Listing ID: 81539
This company has been serving the region and local area for over 30 years. The company is well respected, both in their communities and their industries. As one of the region’s premier custom architectural metal companies, this firm has been a go-to company for building owners and contractors to tackle complex projects.
Supporting the custom architectural business is a successful commercial and residential HVAC business that has helped this company enjoy steady growth during all economic environments including a steady foundation during challenging ones.
The company owns its own equipment and has no debt. The company has a steady history of revenue with decent growth and a backlog of work into 2022 that looks to maintain the success the company has had over the past many years.
The current owners and team are open to participating in a transition program that will ensure seamless operational transfer to a new ownership team.
- Asking Price: $2,325,000
- Cash Flow: $624,438
- Gross Revenue: $5,000,000
- EBITDA: $625,000
- FF&E: $750,000
- Inventory: $200,000
- Inventory Included: Yes
- Established: 1990
- Property Owned or Leased:Own
- Property Included:N/A
- Building Square Footage:11,200
- Lot Size:N/A
- Total Number of Employees:10
- Furniture, Fixtures and Equipment:N/A
The current facility is owned by the ownership team. The property is a 11,200 building on approximately 1.25 acres. There is office, warehouse and machine space included. The company has recently invested in new metal working equipment.
The current ownership team is readily available for a structured ownership transition that will include full training and support for viable long term success.
Owners wish to retire.
While there is competition it is limited. The company has remained focused on its current offering for the entire 30+ years it has been in operations. The company is involved in the industry, local and regional areas and is well respected by both competitors and suppliers.
The company is poised for growth. It has recently invested in new computerized equipment that has increased its utilization ability without the cost correlation often anticipated for growth in this industry. The companies biggest challenge is the current pandemic environment, however WIP and backlog continue to support the most recent record revenue performance numbers.
The venture was started in 1990, making the business 32 years old.
The transaction shall include inventory valued at $200,000, which is included in the asking price.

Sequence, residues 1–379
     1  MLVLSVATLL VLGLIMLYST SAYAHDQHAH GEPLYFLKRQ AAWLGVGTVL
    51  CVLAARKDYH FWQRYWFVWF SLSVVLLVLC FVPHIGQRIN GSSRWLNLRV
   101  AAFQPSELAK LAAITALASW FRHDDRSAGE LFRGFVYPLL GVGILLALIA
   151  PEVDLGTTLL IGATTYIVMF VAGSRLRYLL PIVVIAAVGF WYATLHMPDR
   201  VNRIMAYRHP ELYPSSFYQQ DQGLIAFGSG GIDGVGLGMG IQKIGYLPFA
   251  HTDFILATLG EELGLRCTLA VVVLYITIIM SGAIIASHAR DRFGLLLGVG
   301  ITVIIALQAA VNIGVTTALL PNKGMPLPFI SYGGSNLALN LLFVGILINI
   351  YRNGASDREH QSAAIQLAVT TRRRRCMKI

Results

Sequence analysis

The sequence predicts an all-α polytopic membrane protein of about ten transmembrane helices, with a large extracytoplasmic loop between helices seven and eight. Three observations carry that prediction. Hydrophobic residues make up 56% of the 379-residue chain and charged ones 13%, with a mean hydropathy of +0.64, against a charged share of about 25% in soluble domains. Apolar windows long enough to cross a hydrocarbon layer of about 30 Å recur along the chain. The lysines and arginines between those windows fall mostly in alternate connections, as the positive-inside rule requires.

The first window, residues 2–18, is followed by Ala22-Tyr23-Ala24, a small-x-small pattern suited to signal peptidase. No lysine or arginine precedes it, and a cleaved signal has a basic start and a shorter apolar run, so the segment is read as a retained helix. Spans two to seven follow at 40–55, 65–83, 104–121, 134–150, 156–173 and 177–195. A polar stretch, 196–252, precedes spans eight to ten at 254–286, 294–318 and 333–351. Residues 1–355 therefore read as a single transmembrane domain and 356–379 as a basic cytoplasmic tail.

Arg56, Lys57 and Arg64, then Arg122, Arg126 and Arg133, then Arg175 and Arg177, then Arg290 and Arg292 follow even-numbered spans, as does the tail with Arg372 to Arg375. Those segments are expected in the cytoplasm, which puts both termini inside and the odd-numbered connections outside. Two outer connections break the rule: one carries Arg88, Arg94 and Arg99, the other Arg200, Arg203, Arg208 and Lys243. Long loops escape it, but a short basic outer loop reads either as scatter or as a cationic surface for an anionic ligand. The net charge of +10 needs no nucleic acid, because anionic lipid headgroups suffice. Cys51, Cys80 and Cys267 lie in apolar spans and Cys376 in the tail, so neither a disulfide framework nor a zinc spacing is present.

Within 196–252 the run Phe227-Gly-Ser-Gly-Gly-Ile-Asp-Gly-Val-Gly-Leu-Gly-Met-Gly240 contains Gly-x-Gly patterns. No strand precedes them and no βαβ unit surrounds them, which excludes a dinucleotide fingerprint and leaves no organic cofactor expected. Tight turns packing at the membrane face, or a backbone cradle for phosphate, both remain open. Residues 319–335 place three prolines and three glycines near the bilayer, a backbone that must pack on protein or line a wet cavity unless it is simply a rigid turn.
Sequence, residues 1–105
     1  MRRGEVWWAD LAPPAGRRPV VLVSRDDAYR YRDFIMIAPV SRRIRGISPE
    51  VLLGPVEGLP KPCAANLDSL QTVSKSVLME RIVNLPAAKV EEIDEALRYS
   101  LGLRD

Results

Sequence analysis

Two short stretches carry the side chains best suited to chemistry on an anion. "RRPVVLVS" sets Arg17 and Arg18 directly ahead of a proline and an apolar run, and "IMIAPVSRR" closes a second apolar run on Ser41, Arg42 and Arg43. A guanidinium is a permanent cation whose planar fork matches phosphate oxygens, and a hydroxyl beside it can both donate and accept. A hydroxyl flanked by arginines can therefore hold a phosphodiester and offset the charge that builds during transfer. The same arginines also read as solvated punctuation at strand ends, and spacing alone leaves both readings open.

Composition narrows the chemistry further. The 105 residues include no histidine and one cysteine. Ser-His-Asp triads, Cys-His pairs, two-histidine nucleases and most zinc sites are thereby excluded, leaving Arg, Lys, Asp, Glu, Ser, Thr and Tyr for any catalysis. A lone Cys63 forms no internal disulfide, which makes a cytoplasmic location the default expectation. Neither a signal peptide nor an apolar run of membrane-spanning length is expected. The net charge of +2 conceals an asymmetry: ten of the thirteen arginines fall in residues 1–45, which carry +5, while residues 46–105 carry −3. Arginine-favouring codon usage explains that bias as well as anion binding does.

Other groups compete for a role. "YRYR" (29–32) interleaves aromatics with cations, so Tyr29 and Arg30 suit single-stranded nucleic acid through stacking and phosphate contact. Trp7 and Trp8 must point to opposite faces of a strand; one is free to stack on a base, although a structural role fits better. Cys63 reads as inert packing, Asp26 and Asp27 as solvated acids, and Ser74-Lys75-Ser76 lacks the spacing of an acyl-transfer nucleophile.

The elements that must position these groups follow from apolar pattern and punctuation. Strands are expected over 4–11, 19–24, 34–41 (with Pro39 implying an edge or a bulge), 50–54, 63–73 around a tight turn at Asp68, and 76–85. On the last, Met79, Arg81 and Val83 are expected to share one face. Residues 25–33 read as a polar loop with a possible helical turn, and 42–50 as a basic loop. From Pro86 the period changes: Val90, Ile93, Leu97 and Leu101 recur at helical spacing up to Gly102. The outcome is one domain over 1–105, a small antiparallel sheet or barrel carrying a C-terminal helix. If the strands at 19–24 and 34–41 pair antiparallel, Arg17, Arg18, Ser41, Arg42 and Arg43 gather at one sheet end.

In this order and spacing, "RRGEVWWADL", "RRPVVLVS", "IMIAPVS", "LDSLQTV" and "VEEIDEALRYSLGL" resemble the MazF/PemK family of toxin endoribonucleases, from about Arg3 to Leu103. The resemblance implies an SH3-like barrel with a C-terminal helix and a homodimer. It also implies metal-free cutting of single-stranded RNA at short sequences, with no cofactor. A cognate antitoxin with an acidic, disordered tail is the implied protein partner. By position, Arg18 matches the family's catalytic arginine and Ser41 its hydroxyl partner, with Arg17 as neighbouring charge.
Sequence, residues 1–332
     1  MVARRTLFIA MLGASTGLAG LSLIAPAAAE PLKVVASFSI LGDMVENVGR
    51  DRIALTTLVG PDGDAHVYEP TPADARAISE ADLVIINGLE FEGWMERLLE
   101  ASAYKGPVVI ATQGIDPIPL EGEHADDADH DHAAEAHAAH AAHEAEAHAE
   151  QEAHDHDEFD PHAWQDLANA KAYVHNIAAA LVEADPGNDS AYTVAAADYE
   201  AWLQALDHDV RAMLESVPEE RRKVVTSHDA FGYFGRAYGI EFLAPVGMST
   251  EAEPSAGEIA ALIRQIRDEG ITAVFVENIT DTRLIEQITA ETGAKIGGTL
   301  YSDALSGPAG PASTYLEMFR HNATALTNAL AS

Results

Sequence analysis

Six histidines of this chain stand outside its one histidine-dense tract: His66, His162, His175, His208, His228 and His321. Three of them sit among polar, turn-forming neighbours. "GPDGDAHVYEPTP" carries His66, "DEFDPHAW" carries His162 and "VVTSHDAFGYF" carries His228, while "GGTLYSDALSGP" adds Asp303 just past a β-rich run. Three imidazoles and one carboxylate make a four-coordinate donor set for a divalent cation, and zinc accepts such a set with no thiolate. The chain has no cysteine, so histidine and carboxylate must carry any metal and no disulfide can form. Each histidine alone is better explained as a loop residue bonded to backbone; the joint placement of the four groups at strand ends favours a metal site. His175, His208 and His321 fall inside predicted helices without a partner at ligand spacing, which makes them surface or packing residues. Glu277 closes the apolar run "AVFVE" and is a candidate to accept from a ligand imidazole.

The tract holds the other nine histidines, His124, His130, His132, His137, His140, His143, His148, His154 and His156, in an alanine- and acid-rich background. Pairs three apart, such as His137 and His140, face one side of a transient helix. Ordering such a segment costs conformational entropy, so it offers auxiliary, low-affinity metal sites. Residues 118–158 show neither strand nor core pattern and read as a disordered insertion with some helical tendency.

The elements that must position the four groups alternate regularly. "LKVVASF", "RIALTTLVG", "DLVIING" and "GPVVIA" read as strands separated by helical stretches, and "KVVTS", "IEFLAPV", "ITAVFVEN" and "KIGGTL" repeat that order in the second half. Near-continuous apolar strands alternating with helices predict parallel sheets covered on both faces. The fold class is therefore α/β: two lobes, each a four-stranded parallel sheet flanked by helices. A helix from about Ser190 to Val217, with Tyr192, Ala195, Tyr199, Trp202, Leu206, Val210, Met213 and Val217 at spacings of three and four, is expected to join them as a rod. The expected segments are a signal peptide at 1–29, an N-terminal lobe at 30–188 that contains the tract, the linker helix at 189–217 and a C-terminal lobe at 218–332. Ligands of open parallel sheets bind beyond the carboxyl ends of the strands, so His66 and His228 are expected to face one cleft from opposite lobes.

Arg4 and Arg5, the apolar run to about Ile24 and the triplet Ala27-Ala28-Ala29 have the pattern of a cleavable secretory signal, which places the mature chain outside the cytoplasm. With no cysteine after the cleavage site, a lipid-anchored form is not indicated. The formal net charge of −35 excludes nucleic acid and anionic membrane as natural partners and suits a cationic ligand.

The company has 10-25 employees and resides in a building with estimated square footage of 11,200 sq ft.
Why is the Current Owner Selling The Business?
There are all kinds of reasons individuals choose to sell businesses. Nonetheless, the real factor and the one they say to you might be 2 entirely different things. As an example, they may say "I have too many other commitments" or "I am retiring". For lots of sellers, these reasons are valid. But also, for some, these may simply be excuses to attempt to conceal the reality of transforming demographics, increased competitors, recent reduction in profits, or a range of various other factors. This is why it is very essential that you not rely completely on a vendor's word, however rather, make use of the seller's response combined with your overall due diligence. This will repaint a more sensible image of the business's existing scenario.
Existing Debts and Future Obligations
If the existing company is in debt, which many businesses are, then you will certainly need to consider this when valuating/preparing your deal. Numerous companies borrow money with the purpose of covering points like stock, payroll, accounts payable, etc. Remember that in some cases this can suggest that profit margins are too tight. Many businesses fall into a revolving door of taking loans as a way to pay back other loans. Along with debts, there may additionally be future commitments to consider. There may be an outstanding lease on equipment or the building where the business resides. The business might have existing agreements with vendors that must be satisfied or may cause fines if terminated early.
Understanding the Customer Base, Competition and Area Demographics
How do operating businesses in the location draw in new consumers? Often times, businesses have repeat consumers, which form the core of their everyday revenues. Particular factors such as new competition growing up around the location, roadway construction, and personnel turn over can affect repeat consumers and adversely affect future revenues. One important thing to think about is the area of the business. Is it in an extremely trafficked shopping center, or is it hidden from the main road? Undoubtedly, the more individuals that see the business on a regular basis, the higher the chance to build a returning consumer base. A last idea is the general area demographics. Is the business placed in a largely populated city, or is it located on the edge of town? Exactly how might the neighborhood average household income effect future earnings prospects?